When I imagine “the cloud” where most of my daily interactions with web services such as Facebook and Google compute, I think of a free-floating space — complete with scalloped edges — that isn’t tied to a physical location.
In reality, however, cloud computing is very much tethered to the physical world, through football-field-sized warehouses of connected servers that enable it. A computing job, though it can be accessed from anywhere in the world, can’t be easily moved from one warehouse to another. It can’t even necessarily be moved from one area of a warehouse to another area of the same warehouse.
This is a problem for two reasons. The first is that it’s inefficient and drives the price of cloud-based applications that use data centers upward. When a new processing job comes up, it can’t just jump to any idle server in the warehouse. Rather, it needs to use a specific location in the network of servers.
Martin Casado, whose PhD dissertation at Stanford University addressed this issue, estimates that for this reason most data centers run at about 40% to 60% of their capacities — costing companies tens of millions of dollars and slowing down their services.
The second problem was most recently demonstrated in the wake of the massive earthquake and tsunami that devastated northern Japan last year. After the disaster, most of the region was put on a schedule of rolling blackouts to cope with the energy shortage that accompanied the tremendous loss of life and property.
Many of Japan’s manufacturers shifted production outside of the Tokyo area to deal with the energy shortages. Its data centers, however, could not, and many relied on diesel generators to stay in business.
“You have these huge warehouses of computers doing all of these important workloads,” Casado says. “If you actually do a power outage there, you’ll lose all of them. If the cloud was really as elastic as we say it is, we should be able to take all those workloads and move them to another data center.”
But why can’t we? The short answer is that workloads are still attached to the network of computers they’re being processed on.
Why is this such a hard problem to solve? Networks of computers get most of their functionality from hardware, which is hard to update in a way that would allow the flexibility needed to move workloads from one data center to another.
“Whenever you bake something into hardware, it takes four years to design, you spend millions of dollars and you can’t really change it,” Casado says.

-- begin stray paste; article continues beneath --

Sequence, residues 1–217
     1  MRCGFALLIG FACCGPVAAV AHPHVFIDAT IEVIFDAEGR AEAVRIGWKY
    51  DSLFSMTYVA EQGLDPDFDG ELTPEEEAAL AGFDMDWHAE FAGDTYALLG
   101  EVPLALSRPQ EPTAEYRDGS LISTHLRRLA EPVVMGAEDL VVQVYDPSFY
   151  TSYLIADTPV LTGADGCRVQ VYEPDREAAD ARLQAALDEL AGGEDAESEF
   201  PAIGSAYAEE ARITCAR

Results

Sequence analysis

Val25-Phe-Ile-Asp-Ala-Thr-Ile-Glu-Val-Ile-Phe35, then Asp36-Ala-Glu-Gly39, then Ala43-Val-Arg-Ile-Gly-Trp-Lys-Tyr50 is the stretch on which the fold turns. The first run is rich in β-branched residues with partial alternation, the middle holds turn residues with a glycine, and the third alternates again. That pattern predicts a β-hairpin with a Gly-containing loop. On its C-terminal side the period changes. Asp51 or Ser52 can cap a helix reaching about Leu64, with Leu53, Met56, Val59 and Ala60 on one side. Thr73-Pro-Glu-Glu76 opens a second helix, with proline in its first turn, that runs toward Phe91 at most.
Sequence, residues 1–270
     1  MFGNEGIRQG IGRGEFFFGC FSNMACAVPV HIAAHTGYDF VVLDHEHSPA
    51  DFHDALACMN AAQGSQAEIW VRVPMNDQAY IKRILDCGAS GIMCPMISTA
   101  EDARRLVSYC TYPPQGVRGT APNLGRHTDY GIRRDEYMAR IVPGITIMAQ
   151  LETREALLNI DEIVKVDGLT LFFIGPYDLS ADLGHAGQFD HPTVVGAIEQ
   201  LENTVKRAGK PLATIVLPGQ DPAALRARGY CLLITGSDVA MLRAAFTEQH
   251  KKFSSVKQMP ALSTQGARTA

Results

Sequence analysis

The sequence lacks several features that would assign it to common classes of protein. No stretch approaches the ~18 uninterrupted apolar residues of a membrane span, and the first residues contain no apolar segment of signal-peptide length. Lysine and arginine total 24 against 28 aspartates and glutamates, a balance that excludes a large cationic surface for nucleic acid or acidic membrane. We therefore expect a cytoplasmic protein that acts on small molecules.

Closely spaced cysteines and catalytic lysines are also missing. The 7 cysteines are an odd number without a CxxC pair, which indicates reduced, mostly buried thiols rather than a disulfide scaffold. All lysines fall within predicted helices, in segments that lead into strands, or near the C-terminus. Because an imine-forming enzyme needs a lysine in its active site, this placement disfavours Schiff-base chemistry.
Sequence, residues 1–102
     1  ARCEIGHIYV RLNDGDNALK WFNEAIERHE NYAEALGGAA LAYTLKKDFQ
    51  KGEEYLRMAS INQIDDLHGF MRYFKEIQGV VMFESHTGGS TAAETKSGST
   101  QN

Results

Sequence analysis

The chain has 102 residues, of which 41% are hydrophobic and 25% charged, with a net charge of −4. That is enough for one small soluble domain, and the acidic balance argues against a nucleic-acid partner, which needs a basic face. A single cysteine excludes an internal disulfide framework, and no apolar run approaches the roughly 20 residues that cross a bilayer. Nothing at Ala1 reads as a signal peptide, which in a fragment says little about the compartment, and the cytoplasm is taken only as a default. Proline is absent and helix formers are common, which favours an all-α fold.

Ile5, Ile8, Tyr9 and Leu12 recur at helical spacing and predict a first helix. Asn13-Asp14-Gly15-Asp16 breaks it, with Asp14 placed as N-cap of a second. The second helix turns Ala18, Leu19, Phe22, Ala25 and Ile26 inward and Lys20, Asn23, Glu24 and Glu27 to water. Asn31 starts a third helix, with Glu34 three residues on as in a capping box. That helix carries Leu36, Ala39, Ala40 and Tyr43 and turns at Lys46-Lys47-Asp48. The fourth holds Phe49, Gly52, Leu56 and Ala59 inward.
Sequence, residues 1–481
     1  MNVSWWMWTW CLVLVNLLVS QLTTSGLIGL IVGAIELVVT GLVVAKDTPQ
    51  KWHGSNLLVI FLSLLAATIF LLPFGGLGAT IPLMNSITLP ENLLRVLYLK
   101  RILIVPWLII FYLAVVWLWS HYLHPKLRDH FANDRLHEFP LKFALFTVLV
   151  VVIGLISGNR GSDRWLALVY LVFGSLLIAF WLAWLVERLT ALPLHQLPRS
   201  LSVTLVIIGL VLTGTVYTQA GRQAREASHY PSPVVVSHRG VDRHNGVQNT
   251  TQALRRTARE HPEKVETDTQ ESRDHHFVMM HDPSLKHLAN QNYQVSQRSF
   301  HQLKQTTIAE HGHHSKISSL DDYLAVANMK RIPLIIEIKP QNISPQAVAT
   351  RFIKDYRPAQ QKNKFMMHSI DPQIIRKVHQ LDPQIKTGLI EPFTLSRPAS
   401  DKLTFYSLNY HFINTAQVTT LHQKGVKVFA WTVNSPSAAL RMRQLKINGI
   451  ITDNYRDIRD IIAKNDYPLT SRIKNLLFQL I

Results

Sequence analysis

In order to untie the cloud from a physical location, Casado thought up a new approach that hadn’t really been tried before: Software.
The startup he founded, Nicira, based on his doctoral dissertation makes a program that moves network functionality into the software rather than the hardware, which gives it the flexibility to move workloads around. He compares it to the film The Matrix.
“When you have an application or a workload, and it’s running in the cloud, what we do is move that application in to The Matrix,” he says. “So it doesn’t know it’s not running in the real world. It’s running in this totally generated world — we can move the entire matrix from the United States to Japan, and the workload has no idea the world has changed.”
We’re satisfied with the movie metaphor. If you’re interested in the nitty-gritty details of how this works, check out Nicira’s explainer video.
The overarching point — why Nicira was able to raise $50 million and why companies such as AT&T, eBay and Rackspace have purchased its software — is that adding this flexibility to data center workloads makes it less expensive for cloud-based services to operate. It also protects workloads from being affected by events at the data center locations and makes cloud applications run more efficiently.
Casado says that adding a new application offering to one of his customer’s services used to take seven days. With Nicira, adding the same type of applications now takes 30 seconds.
By truly freeing the cloud from the ground for the first time, Nicira could help it rise to new heights of functionality.
Sarah Kessler -Mashable